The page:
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The many meanings of salt in the Bible

UYUNI
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A fundamental necessity of life, salt has been used since ancient times for many different purposes, and is heavily loaded with spiritual meaning.

Salt plays an interesting, often contradictory role in the Bible. Salt is a fundamental necessity of life, and has been used since ancient times in many cultures as a seasoning, a preservative, a disinfectant, a component of ceremonial offerings, and as a unit of exchange. The Hebrews, both during the Old Testament and the New Testament periods, were certainly not an exception.

Leviticus (2:13) and Ezekiel (43:24) make it evident that salt was an important part of ancient Hebrew religious sacrifice. “And every offering of your grain offering you shall season with salt; you shall not allow the salt of the covenant of your God to be lacking from your grain offering. With all your offerings you shall offer salt.” (Leviticus 2:13) Also, salt was always cast on the burnt offering (Ezekiel 43:24), and was part of the incense offered in the Temple (Exodus 30:35). Moreover, even newborn babies were rubbed with salt, as we read in Ezekiel: “As for your nativity, on the day you were born your navel cord was not cut, nor were you washed in water to cleanse you; you were not rubbed with salt nor wrapped in swaddling cloths.” (Ezekiel 16:4)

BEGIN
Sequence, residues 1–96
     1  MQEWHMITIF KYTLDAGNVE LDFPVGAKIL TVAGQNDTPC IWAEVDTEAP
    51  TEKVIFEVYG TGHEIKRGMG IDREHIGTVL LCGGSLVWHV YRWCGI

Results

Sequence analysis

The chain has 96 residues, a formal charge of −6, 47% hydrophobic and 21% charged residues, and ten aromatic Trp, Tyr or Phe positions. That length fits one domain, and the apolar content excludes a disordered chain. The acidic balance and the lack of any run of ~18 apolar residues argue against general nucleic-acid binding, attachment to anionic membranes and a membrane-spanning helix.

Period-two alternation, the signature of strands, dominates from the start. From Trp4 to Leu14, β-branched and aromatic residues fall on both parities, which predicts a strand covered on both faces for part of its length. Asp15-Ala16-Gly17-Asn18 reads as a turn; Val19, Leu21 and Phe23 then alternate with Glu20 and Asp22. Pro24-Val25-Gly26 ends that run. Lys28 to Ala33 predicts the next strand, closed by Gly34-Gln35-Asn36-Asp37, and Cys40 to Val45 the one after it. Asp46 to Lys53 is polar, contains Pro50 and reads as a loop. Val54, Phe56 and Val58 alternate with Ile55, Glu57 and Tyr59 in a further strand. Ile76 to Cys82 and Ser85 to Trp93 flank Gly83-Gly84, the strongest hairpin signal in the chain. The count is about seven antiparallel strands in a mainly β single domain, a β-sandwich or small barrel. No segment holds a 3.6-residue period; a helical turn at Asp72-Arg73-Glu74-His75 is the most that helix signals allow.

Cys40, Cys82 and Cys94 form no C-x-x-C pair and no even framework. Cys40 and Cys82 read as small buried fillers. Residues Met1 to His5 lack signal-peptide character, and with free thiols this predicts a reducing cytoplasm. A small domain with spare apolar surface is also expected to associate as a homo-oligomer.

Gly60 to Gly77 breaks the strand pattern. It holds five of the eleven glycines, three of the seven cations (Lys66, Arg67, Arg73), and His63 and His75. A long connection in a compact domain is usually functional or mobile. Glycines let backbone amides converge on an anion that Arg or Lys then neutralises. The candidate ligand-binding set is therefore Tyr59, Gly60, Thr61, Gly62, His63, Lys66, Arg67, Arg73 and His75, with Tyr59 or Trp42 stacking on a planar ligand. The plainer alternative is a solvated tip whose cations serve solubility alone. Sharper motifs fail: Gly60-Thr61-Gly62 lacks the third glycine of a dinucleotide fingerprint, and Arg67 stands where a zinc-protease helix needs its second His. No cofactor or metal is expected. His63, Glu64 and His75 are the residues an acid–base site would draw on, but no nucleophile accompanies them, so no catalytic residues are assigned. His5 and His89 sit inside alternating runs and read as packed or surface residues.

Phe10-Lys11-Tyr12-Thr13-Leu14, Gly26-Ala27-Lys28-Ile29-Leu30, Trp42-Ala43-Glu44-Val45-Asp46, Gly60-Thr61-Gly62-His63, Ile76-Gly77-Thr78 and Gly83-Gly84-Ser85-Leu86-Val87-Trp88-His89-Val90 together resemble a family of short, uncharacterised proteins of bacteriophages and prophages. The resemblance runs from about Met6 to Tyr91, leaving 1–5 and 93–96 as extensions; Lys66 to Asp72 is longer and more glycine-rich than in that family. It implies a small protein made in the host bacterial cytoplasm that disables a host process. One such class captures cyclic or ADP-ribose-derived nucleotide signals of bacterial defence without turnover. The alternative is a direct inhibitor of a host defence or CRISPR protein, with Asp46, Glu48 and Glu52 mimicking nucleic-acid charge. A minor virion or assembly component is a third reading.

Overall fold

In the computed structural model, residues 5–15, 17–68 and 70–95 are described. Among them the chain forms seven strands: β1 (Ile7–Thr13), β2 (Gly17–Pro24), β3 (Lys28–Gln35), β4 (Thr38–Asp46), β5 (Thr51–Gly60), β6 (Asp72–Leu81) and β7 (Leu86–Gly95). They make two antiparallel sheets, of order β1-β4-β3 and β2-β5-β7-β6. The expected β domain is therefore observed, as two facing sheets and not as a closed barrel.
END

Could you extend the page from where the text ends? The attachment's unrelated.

Read more: 3 Powerful sacramentals to have in your home

But salt was also widely and variably used symbolically in ancient Israel. The books of Numbers and 2 Chronicles present salt as the symbol that confirms friendship between parties. Eating salt together, in fact, was (and still is) a sign of friendship in some regions in the Mediterranean.

In the Gospels, we find Jesus calling his disciples “the salt of the earth” (Matt 5:13), yet adding a warning to this claim:

“But if the salt loses its saltiness, how can it be made salty again? It is no longer good for anything, except to be thrown out and trampled underfoot.”

Also, in the Gospel of Mark (Cf. Mk 9:50) Jesus reminds his disciples to “have salt among yourselves, and be at peace with each other.” In this context, “salt” is employed to express the capacity to preserve, purify, and cleanse: just as fire burns away impurity transforming everything into its own substance (that is, consuming it), salt arrests corruption, stops decomposition, keeps off destruction, and preserves whatever is in contact with it. In sum, salt protects from decay. It is clear, then, that Jesus is inviting his disciples to preserve the good will that “seasons” positive relationships between people, and which “protects” the community from being corrupted, “preserving” it in good state.

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